The image of Satan terrified the mocking “worshippers”

The brotherhood of Satanic worshippers stared at the gibbering monster with devil “horns” and “tail.” With horrified yells of “The devil! The devil,” they ran around trying to escape. The semi-drunken men tried to run, but before they could get away, the baboon made another flying leap and landed on the Earl of Sandwich’s shoulder. Mad with fright, the Earl tried to tear the animal loose, but the baboon kept clinging to him, chattering with rage before it finally fled out of an open window.

Before the “devil” left through the window and while it was still clinging to Sandwich’s shoulder, the Earl was running around the room screaming, “Spare me, gracious devil! You know I never committed a thousandth part of the vices of which I boasted. Take somebody else, they’re all worse than I am. I never knew that you’d really come, or I’d never have invoked thee!”

Sandwich spent the rest of the evening trying to regain his reputation as a hardened-impious lecher by wild speeches full of the most vile blasphemies. The Earl’s outburst when the baboon leaped on his shoulder had revealed him as a fundamentally deeply superstitious man. In spite of his cynical manner, he had a profound belief in the forces of evil and an all-abiding terror of eternal punishment for his sins.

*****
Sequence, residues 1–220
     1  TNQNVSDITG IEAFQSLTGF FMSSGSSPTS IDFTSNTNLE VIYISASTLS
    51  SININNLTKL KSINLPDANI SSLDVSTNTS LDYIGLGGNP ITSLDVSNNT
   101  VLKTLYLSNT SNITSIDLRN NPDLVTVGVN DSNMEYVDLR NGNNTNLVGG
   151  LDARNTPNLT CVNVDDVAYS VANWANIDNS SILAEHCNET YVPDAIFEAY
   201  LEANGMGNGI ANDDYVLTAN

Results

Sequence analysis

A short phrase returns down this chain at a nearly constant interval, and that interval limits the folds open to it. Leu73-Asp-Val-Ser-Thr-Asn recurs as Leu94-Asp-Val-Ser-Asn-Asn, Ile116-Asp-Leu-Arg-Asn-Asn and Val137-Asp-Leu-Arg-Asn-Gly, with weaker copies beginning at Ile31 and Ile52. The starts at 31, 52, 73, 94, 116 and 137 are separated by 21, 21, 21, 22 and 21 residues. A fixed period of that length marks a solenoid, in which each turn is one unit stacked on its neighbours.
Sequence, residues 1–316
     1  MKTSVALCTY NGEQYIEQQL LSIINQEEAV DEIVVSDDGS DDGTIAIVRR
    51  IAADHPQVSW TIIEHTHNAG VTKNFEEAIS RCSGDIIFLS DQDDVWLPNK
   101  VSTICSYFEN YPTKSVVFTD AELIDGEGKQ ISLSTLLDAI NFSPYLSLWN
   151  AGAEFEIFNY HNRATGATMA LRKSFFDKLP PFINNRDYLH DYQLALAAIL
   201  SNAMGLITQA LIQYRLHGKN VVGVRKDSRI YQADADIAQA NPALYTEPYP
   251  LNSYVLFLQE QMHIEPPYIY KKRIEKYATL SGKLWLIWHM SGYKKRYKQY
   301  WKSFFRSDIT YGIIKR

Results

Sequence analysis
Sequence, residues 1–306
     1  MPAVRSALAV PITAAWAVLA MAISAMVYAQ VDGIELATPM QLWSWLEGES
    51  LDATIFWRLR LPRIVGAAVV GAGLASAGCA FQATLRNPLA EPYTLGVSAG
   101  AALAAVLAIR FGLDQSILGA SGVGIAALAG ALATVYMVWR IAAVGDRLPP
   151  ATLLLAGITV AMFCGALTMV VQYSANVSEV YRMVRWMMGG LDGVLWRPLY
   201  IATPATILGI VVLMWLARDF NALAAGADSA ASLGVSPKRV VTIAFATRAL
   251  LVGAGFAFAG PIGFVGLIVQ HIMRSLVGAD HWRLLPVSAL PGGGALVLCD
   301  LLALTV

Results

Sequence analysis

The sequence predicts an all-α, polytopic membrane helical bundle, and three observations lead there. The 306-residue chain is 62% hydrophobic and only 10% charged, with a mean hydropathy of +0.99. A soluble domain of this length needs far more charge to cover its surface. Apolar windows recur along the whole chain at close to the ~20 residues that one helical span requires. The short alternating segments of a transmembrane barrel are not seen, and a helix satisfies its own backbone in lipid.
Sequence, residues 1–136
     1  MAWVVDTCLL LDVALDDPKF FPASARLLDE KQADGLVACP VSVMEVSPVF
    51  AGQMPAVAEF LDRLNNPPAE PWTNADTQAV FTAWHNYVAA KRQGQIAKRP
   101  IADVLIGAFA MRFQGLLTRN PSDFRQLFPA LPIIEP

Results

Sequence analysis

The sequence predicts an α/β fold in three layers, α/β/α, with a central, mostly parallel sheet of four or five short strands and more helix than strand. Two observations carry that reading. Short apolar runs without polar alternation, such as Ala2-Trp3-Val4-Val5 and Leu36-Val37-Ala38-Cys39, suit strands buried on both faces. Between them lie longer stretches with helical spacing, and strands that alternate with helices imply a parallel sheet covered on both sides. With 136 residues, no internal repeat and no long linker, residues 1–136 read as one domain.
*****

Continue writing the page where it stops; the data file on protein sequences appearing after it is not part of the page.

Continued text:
Wilkes also made another “mortal enemy” of Samuel Johnson, the compiler of the famous A Dictionary of the English Language, 1755, by writing a comic review of Johnson’s “immortal dictionary.” Wilkes made fun of Johnson’s remarks on grammar in which he said: “The letter ‘h’ seldom, perhaps never, begins any but the first syllable” of a word. In his review, Wilkes wrote that “The author of this observation must be a man of quick appre-hension and of a most compre-hensive genius.” Such comments went on for several paragraphs and Johnson apparently never forgave Wilkes.